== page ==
The Fight against Ugliness

The Vignellis maintain a steadfast insistence on the validity of modernism, and their particular brand of it blends European tradition with American pragmatism. “The critics of modernism misunderstand. It is not a style issue, it is a moral issue,” said Massimo. “It is imperative that design lasts a long time, as long as the material itself has integrity or until technical areas improve or change. Culture is important. Anything with value should be protected, whether it is a building, a package, or a bottle. These are the testimonials of a culture. Sometimes we protect things that are not timeless, but trendy; these are an expression of a particular time. We should not protect trash. People who understand this, who are critically motivated, should be making the decisions.”

If they don’t specify exactly who should be making design decisions, the Vignellis are clear that marketing personnel should not have this power. The topic always launches Massimo into an impassioned tirade. After leaving Vignelli Associates, designer Janice Carapellucci, remained in contact with her former employers. In 1994, she sent a letter, writing, “I miss you, Massimo, but you are with me every day. Thank you for preparing me so well… Did you catch this editorial blasting those marketing people?”16 She attached a page from The New York Times. The headline shouted, “Marketers, Stop Your Tinkering,” and the article offered a lively critique of the shortcomings of American marketing.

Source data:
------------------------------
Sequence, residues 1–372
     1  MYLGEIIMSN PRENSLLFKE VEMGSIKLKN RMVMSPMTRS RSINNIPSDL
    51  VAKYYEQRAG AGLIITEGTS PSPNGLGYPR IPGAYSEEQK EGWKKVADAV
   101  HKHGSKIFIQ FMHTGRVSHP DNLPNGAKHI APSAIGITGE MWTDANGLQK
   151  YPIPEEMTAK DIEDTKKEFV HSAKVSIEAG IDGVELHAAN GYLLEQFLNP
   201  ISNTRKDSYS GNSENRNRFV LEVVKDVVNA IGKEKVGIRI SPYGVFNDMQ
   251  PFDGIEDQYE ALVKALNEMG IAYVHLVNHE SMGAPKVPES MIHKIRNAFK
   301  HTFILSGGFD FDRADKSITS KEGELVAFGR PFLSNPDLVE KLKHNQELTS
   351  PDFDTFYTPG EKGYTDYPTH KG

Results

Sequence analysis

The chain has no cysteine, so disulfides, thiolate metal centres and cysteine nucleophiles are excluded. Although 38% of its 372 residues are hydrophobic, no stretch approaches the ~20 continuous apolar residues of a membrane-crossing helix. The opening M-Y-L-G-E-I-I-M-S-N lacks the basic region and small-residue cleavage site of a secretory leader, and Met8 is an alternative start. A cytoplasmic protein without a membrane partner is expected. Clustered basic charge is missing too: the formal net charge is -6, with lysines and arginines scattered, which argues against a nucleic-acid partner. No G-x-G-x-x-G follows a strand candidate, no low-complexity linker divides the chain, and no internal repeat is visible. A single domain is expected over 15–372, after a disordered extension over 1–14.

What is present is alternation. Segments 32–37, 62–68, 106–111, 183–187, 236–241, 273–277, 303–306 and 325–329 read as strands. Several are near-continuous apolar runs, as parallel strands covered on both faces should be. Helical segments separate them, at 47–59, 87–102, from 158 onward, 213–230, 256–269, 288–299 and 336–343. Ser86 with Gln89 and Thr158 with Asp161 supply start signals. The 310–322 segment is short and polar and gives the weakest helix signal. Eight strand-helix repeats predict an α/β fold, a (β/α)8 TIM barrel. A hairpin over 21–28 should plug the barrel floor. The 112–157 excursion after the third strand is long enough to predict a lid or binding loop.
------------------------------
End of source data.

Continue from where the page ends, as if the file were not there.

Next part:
There is seemingly no end to this subject, or to the frustrations of seeing good design solutions bypassed or replaced for frivolous reasons. Paul Rand once wrote, “Persons unqualified to make design judgments are frequently shifted into design-sensitive positions. The position of authority is then used as evidence of expertise… At issue is not the right, or even the duty, to question, but the right to make design judgment. Such misuse of privilege is a disservice to management and counterproductive to good design.” He concluded, “The plethora of bad design that we see all around us can probably be attributed as much to good salesmanship as to bad taste.” 17

Massimo has often said that a good design solution should be timeless; it should last until the problem changes. Unfortunately, that advice is often ignored. Good design solutions are often diminished by poor management and caretaking, or abandoned for reasons that have nothing to do with design value. Sometimes there is an uproar when this happens, but it can be difficult to know how much of the noise is critically motivated and how much is a result of a crowd-sourced mentality that presumes all responses have equal validity.